I think this is a cool image, which develops over a few seconds’ time.
Wait for it!
This GIF image is an animation created by taking 101 cross-sections of the 2-dimensional analog of a chaos game performed using a pentachron as the bounding figure. (Image: Wikimedia Commons)
Something mysterious and wonderful is happening with my church choir. This is my attempt to arrive at more detail about how we went from fog to focus with limited rehearsal time.
There were good reasons, surely, for people to be distracted. Two singers arrived later than usual, changing the sound. In addition, there were some rehearsal instructions that had not made it to their ears yet.
The anthem was Immortal Love, For Ever Full by John Greenleaf Whittier and Philip R. Dietterich. It had special meaning for one choir member who had known the composer.
Individual choir members were saying “What do I sing?” “We’re slowing down!” and “Something’s wrong!” We were running short on rehearsal time, so someone had to get everybody to focus on the service that would begin in a few minutes.
“What do I sing?” resulted from the unison first verse changing to 3 parts in the second. Two parts now appeared on the same treble staff. If someone is a little pressed for time, especially, that can be cause for confusion.
“We’re slowing down!” turned out to be a breathing arrangement that hadn’t been learned yet. During a verse written as a round, each of the 2 parts could have taken a breath with the comma in the text. But then they would have been breathing at different times. My thought was that we had too little time to go with that choice.
Alternate choice: The women had 2 half notes, separated by a comma. Breathing between 2 half notes is not a problem.
The men had 4 quarter notes, also with a comma in the middle. For everyone to breathe together, the men, with very little rehearsal time, needed more space to breathe. (We had no time to rehearse cutting a quarter note short, breathing quickly, and continuing in tempo.)
The way it worked was for everyone to look up (at me), take a breath while watching me conduct the slight stretch in rhythm, sing the next measure, and listen to the piano. I continued playing in tempo immediately after the breath.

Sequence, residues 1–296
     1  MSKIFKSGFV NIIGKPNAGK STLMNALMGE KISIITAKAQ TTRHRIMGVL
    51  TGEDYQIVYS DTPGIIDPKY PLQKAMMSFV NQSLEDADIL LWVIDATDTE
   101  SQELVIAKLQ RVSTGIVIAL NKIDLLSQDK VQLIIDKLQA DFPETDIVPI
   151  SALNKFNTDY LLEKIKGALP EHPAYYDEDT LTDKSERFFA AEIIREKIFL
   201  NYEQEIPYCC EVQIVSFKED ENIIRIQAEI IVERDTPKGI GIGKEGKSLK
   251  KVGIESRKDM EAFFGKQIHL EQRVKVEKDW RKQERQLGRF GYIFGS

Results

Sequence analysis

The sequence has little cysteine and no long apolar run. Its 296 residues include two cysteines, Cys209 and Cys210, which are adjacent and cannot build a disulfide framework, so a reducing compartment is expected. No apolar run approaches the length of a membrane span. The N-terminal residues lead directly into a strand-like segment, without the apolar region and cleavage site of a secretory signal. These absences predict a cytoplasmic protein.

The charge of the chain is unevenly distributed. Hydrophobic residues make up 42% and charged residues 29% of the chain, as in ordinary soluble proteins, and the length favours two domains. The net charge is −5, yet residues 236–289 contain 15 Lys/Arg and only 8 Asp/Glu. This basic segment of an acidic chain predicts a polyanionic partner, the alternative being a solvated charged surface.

“Something’s wrong!” Now we’re on page 3 of the anthem. And yes, there’s a meter change and a faster tempo. Although I was conducting with large motions, everyone was looking down at the music.
So… next, everyone watched me, I talked through what I was conducting (counting), then sang while conducting, then played the piano part while counting aloud.
I especially like the way the anthem is voiced. To make an impressive ending to the middle section, the composer asks the choir to crescendo on an ascending line. Following their final phrase in the section, the piano continues outward, above and below the voice parts, continuing the crescendo.
The ending is equally effective. In it, the singers are in the middle of their ranges, similar to the way hymns typically are written. The piano part surrounds the voices, adding to the sonority without duplicating their parts.
I learned something from this piece. The keyboard can be used to enhance the other parts, rather than always “helping” them. Although I sometimes play parts and sometimes the accompaniment, this was a clear use of enhancement during an entire piece.
Last Sunday, due to choir members’ other commitments, we found ourselves singing with 4 members. I went into the rehearsal with concerns about volume and how many voice parts could be accomplished.
So we sang through the anthem, Have Thine Own Way, Lord by Pollard, Stebbins, and Scott. So far, so good! In this arrangement of the well-known hymn, the listener’s impression is of the serenity of a lullaby. One of my first thoughts upon hearing 4 people singing the piece was that the arrangement was an excellent fit for our circumstances of the moment.
Verse 1 is for men’s voices. When I asked our only bass of the day to sing out, he delivered. A soprano then suggested that the alto, who has low notes, sing with him. Even better!
It took a little cajoling to get everyone to hold their music up, look up, listen to each other (so the women could enter together with the men at the beginning of Verse 2), and send their sound to the back of the sanctuary. Someone picked a spot on the back wall, which helped everyone focus and feel confident.
I found myself not playing the voice parts. No one needed that. Instead, I found ways to enhance what the singers were doing. So I was there, supporting them, adding to their sound, but not competing.
The piano part added to this wonderful hymn is perfectly fine, but I felt that we could benefit from less of it. So I cut the introduction and the interlude to 4 bars each. Also, in one verse where the accompaniment asked for a constant repeated chord in the bass, the right hand was duplicating the voice parts. I omitted the right hand. And then, rather than interfere with the singing, I used the bass chord to add rhythmic interest. That was accomplished by playing harmonic rhythm (nuanced chords) between times. I omitted the chord printed under the choir’s last note in a phrase, and played beginning with their first rest between phrases. So the music continued, and the singers were heard.
Had the singers begun to sound insecure, I would have played whichever parts I wasn’t hearing. But they didn’t need it!
Something I learned about rehearsing
I found myself listening to each person’s concerns, but didn’t go there. With limited time, my focus had to be on why each person was expressing each concern. Becoming more involved with each detail could have led to any number of tangents, but not necessarily to good results.
That day I kept my cool. It worked!
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